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Making A Neck - How Scary Or Difficult?

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Since there seemed to be so much discussion of this in the GOTM thread, I thought I'd start a separate one.

For those of you who have made necks before, this would be a good place to weigh in with your experiences (and it would help to state how many necks you've made). Same with guys who have done their own fret installs (and again, how many).

For those who have not made necks but would like to, weigh in on what part of the process gives you the most hesitation; back contour, fretting, whatever.

To partially quote from that other thread:

If you build your own neck which most openly admit is the "scariest" part of building a guitar

I think it is not the most scariest part of the build, but the most critical. You screw the neck, no matter how good the guitar is, it is worthless!

And the neck per se is not the hard part, I find carving a body more challenging, but the fretting! Even the bought ones need a bit of work! Of the 4 necks that I have bought (not that many) all of them needed a bit of attention.

Yes. It's the most critical. That's why folks are "scared" off. Also, fret dressing is also an art in and of itself. Properly levelling frets is something most who try, think they can do correctly. Takes dozens of tries before you really know what you're doing.

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7 necks. Nothing about it is particularly scary, provided you go slow when you're taking the meat away. I had to scrap my 2nd neck because I took away too much around the 1st fret, and that tought me to constantly check with a micrometer, short ruler, and contour guage as I work.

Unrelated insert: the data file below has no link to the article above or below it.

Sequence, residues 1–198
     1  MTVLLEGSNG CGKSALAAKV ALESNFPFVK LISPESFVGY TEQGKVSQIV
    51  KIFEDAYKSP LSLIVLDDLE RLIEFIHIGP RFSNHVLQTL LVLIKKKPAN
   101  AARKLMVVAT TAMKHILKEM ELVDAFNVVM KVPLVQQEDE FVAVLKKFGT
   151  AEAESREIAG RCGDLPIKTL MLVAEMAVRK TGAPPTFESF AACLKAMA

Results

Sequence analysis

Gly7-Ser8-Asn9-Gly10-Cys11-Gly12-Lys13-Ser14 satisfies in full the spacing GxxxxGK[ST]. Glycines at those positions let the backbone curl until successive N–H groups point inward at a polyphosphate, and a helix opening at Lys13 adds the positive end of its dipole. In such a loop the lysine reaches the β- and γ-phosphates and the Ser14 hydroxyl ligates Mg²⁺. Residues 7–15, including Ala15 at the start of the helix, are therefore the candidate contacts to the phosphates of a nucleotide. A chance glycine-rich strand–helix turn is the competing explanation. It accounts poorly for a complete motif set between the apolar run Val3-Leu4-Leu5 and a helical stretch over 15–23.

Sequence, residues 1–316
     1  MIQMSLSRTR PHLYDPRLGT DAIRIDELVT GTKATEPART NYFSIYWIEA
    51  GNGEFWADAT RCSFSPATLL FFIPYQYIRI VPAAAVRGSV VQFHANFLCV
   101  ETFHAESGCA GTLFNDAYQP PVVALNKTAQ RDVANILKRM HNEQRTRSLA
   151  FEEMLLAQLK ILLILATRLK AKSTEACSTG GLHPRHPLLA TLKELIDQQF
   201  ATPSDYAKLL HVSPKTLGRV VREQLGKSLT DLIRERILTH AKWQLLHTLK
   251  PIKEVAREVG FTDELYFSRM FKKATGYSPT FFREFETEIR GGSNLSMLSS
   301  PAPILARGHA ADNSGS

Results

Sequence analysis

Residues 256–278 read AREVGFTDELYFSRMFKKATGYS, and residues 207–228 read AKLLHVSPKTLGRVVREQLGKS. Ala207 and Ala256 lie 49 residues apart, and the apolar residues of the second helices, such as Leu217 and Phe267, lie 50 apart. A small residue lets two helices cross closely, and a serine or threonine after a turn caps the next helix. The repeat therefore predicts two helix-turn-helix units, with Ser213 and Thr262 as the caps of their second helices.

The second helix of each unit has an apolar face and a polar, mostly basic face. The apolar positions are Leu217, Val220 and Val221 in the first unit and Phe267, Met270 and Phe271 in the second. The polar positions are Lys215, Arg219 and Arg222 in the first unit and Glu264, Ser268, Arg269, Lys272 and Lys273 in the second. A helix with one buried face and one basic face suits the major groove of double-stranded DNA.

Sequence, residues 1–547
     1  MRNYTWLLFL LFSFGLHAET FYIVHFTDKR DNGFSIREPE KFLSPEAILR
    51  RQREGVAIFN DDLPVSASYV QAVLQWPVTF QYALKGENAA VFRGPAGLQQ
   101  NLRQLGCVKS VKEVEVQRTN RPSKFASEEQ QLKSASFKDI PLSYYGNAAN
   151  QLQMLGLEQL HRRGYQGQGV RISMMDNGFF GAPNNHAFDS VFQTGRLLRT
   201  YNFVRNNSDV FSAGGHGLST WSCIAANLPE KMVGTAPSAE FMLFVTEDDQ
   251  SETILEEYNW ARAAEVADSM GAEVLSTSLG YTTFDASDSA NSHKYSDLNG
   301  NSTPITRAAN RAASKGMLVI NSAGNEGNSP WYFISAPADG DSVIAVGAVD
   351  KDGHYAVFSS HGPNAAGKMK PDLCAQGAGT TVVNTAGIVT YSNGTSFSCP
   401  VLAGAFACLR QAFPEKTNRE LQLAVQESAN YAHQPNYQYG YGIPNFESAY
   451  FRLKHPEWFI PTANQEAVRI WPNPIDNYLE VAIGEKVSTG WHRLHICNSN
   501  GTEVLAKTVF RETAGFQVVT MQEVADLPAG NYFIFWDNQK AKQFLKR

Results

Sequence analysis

Again, for what seems to be the 1,000th time building necks is not rocket science or magic, it's easy, fun, and very rewarding.

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For me, one of the big reasons for getting into building was so that I could make necks with nut widths that were a bit wider than on stock guitars. My fingertips are a bit fat and it limits my ability to solo somewhat. Sure I could have just bought them from USACG or Warmoth, but I figured if I was going to get into building, I might just as well learn to make a neck.

I'm on my 7th neck (4 are actually on guitars, 3 were trashed :D ), and while I too initially had some hesitation, like !!METAL MATT!! that fell by the wayside after my first neck. For me, the most difficult part was getting the back contour right. After trying various methods with belt sanders and getting all sorts of irregularities, I've now settled on a method for roughing out the back (7/8" roundover bit on a router, then rasps) and fine-tuning it (randomly orbital sanding in long low-pressure strokes w/ 60 grit).

Fretboards are easy with radius blocks and some way to cut the fret slots. I scribble all over them in pencil multiple times when radiusing, to check my progress.

For fretting, I also found that this was not as frightening as I'd imagined. You have to start with a fretboard that is well-levelled and well-radiused (so you need a perfect straightedge), and slots that are deep enough for your tang. I use a Jet arbor press with the StewMac arbor and cauls, but other methods are equally good.

Levelling I also never found to be particularly difficult. For fret levelling I use a 1/3 slice of 12" marble tile (checked before-hand with the straightedge) with 600 grit sandpaper stuck on, then go over it again with 600 grit on a radius block. Just use the "mark up the frets with a Sharpie" trick to check your progress, then after sanding check again with a straightedge and feeler gauges. Just use long strokes and take your time. At the very end, I mill in a gradual fall-away starting at #12, no more than 0.01" at #22 (again, check with feeler gauges), using 600 grit on a radius block. I'll finish-sand the frets with 1000 & 1500 grit Abralon pads on a RO sander, then I'll buff them with the StewMac buffing pads chucked in a drill press while I'm buffing the rest of the guitar. My last 3 necks, I went back and buffed the frets some more with swirl remover on the Dremel buffing tool (low-speed) and that really made them shine.

From my 2nd neck on, I've never had any buzzing issues, I've got the nut width I want, and the back contour that feels great to me. I'll never have to settle for an off-the-shelf neck again.